Is construction stuck in the 1960s?

Yvesround75Yves Frinault
Founder & CEO

Construction is a massive industry, representing over $11 trillion worth of work worldwide every year and accounting for nearly 10% of GDP in many countries. Yet despite its large size and importance to the economy, some aspects of the construction industry seem stuck in the past, left behind by the technological revolution that has brought massive productivity gains to other areas of the economy.

According to one study by the National Institute of Standards and Technology, the construction industry wastes $15.8 billion each year because of a lack of efficient information management systems for exchanging and accessing data. McKinsey Global Institute ranks construction as the second least digitized industry in the United States, besting only Agriculture and hunting.

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As other industries have benefited from ubiquitous computing and more powerful automation, labor productivity has taken two very different paths.

When you look at labor productivity between the 1960s and today, you can see that not much has changed in the construction industry. In the same time period, other large industries like manufacturing or professional services have undergone a major productivity revolution, increasing labor productivity three-to-fivefold. This doesn't mean that construction hasn't progressed from a technological perspective. Architects and design firms have gone completely digital in recent decades. The project manager's office now runs entirely in the cloud with a powerful suite of tailored software for bidding, planning and accounting.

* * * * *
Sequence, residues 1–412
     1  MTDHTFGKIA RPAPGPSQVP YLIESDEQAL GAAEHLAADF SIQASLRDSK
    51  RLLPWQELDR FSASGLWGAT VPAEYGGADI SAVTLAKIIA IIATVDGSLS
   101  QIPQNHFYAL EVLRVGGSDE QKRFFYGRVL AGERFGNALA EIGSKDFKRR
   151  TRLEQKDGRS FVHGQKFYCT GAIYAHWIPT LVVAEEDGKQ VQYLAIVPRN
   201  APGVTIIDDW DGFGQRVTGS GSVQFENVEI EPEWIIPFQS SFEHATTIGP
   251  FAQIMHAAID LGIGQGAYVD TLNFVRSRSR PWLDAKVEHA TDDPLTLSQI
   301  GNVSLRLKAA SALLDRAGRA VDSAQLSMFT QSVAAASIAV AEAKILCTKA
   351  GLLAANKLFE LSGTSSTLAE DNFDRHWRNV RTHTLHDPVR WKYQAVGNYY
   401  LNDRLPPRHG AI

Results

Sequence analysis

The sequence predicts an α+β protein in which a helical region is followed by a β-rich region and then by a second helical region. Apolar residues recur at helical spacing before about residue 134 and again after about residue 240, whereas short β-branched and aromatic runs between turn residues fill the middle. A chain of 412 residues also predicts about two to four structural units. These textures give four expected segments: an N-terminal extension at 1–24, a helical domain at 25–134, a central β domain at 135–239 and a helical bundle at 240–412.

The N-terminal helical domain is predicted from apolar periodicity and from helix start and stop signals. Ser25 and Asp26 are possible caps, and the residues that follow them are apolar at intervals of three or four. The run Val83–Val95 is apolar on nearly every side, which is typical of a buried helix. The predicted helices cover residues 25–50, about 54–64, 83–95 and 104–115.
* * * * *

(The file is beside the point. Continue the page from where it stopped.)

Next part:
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Yet we are still running the job site off of the lowest common technological denominator: paper, emails and phone calls, and that's when we're not physically tracking down someone. In short, the way we design and plan projects has gone through considerable innovation, while the way we execute those projects in the field — where 90% of the money is spent — has not, and there is a heavy price to pay for it. An analysis of more than $1 trillion worth of capital projects by McKinsey found that the largest gains in job site performance were to be found in “‘basic’ project management”.

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During a typical workday, a journeyman will only spend 30% of his/her time actually building — also called "direct wrench time". Another 40% of that day is spent preparing for tasks, gathering equipment and materials, and transitioning from one area to the next. The last 30% is often spent idling. Idling is what happens when we fail to answer this question: How do we get the right people, with the right information, materials and equipment in the right spot at the right time? 30% of a journeyman's day is the price we pay for using outdated management processes in the field. So the question then becomes: Is this an acceptable cost?

In most modern countries, the answer is understandably no. When faced with a problem like this, you often have two choices: Solve the problem with labor or technology. Since the 1960s, the cost of labor has risen significantly while the cost of technology has continued to drop. It used to be cost-effective to throw a lot of manpower at your problems — and it still is in many parts of the world — but that's no longer the case in the U.S. or Europe.

The winning strategy then becomes quite obvious: Companies should hire the most capable craftsmen they can find and provide them with the technological leverage they need on site to get the job done better. Then, and only then, will your field operations leap ahead of the 1960s.

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